Cave · Views
All types of use except a car are allowed on the trail, and "dispersed" camping is permitted in Minnesota State Forests, though the site does feature a primitive campground. Standard state forest rules apply regarding firewood gathering, alcohol consumption, and foraging - typically "just for me, just for today" uses are fine, but anything beyond that requires a permit with MNDNR.
The best advice for those trying to run the straight loop echoes Prefontaine: Run Fast, Turn Left. Prefontaining will ensure you stay on the outer loop and not get turned around on the connector or spur trails.
While the trail is pretty wide in most places, this is an ATV/Dirtbike trail and riders can zip along pretty fast. Respect their hobby, and they'll respect yours; try not to be in the way and pay attention around corners or to vehicles approaching from behind.
This is a really fun run, but don't expect a transcendent natural experience - this is more for trail runners wanting to feel like a mountain bike for a day.
The Snake Creek Management Unit of Minnesota's Richard J. Dorer Memorial Hardwood Forest features a long and winding trail system through forested hills, open prairies, and the occasional crop ground.
The trail system has two access points, both off gravel roads accessed via Hwy 61. One is off of 608th Street and one is off of T-152 (with a primitive campground). There is excellent signage directing users to the unit off of Hwy 61.
The trail purportedly has a 13.5-mile loop, though it is a tad confusing as the "loop" also includes a lollipop on the west end, and several spur trails which can lead unwary users astray. Most of the junctions have a map with an icon marking "you are here," and for the most part they are accurate. A few, however, do NOT have the icon, which means users can spend a lot of time trying to figure out their location. When in doubt, staying to the left will keep you on the outer loop.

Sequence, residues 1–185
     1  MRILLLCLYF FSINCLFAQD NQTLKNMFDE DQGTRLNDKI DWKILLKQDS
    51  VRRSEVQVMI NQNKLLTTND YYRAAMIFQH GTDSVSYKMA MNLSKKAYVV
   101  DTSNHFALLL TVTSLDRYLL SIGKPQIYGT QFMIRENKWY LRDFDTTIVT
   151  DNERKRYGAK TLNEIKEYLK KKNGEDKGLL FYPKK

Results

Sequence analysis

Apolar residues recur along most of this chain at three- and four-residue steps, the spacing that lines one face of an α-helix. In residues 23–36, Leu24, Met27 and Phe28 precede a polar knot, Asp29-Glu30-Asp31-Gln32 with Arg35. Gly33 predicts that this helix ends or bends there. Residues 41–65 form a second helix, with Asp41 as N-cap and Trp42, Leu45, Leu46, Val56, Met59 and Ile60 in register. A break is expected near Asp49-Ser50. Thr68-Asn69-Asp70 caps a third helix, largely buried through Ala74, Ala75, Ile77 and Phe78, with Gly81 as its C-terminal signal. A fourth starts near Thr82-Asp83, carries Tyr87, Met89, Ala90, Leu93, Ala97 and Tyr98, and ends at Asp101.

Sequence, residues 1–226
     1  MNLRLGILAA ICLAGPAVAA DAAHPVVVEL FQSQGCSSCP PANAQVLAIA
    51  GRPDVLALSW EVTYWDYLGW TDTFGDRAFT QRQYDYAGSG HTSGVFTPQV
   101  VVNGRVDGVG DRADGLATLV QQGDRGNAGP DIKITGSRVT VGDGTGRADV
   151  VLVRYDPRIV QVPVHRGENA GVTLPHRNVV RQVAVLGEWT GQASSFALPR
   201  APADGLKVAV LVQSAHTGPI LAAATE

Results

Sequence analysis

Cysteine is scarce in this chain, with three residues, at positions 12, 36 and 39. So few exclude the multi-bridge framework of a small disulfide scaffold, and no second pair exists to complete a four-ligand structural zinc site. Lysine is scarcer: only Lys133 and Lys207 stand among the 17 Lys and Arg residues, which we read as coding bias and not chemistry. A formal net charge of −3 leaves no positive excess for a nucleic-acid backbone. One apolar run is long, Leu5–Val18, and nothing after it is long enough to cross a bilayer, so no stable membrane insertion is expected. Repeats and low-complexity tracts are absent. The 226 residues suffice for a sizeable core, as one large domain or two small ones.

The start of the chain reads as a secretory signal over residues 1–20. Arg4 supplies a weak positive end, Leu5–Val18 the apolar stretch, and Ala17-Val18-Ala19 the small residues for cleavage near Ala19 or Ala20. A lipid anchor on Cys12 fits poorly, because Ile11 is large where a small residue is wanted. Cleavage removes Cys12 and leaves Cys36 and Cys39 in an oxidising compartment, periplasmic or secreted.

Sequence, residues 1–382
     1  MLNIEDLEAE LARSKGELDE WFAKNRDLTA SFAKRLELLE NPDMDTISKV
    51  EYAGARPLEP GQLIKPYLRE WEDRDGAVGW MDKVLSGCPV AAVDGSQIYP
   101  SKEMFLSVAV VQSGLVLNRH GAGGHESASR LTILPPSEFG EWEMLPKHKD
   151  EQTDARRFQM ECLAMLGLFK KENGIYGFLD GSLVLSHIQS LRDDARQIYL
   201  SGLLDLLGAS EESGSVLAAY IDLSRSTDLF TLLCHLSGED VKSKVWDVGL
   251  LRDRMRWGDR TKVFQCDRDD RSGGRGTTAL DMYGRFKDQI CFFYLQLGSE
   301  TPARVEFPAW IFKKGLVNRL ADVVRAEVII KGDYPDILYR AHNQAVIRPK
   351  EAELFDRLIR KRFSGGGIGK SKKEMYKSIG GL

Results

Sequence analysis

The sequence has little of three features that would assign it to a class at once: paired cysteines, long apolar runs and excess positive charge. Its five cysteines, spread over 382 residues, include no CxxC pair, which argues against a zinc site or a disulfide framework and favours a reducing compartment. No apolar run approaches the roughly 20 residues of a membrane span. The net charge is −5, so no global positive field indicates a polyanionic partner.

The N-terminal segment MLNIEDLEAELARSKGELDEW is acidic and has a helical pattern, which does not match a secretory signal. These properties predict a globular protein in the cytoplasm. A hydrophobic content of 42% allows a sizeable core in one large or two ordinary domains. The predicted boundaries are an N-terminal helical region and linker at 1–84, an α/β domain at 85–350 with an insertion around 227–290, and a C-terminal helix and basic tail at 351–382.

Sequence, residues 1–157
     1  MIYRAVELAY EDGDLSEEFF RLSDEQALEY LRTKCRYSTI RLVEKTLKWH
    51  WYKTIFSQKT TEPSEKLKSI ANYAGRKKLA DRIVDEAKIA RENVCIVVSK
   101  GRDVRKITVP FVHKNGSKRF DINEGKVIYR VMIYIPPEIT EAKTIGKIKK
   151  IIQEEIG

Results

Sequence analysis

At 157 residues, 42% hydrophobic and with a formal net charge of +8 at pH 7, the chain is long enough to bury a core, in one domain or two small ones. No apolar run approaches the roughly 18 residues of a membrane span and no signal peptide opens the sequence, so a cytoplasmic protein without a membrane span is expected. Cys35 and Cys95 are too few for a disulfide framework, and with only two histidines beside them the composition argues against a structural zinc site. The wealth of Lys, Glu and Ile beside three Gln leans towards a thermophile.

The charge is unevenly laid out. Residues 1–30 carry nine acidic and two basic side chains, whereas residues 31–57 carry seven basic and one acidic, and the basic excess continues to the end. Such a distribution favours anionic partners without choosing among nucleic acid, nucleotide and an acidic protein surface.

Using this strategy from the EAST access, the trail climbs steeply through the first few tenths of a mile over cobbly dirt before topping out into a forest/prairie area. The trail lopes enjoyably through rolling terrain. The trail snakes back on itself quite a bit in the first few miles, and meets several junctions: remember to turn left unless the goal is to get turned around.
On the south end, the trail straightens out as it travels through a gorgeous pine stand; a few wet spots stand out amongst the otherwise dry, rutty, and rooty dirt path.
The stretch of pines is fairly long, and ends in a T-junction: THIS IS THE MOST CONFUSING SECTION. A left turn here will take users out to the lollipop, the end of which is roughly the loop's halfway point. A nice vista provided by powerline right of way tells you you're on this section - it's the only "wow" view on the trail.
After the lollipop, continue back along a track running parallel to the pine stand. The next left is a gravel road with "no motorized vehicles allowed;" this route will take users down across a creek and dump them out on a T-152, which can be followed back to the campground.
To stay on the dirt, skip this turn and resume to the left. The trail descends steeply to the northern side and flattens out again, before climbing back to the starting point. Once oriented, it becomes easier to take advantage of the multitude of spurs and connectors - but be warned, they're steep!
Flora & Fauna
Two and four-stroke engines, mostly!
Shared By: Kenny Slocum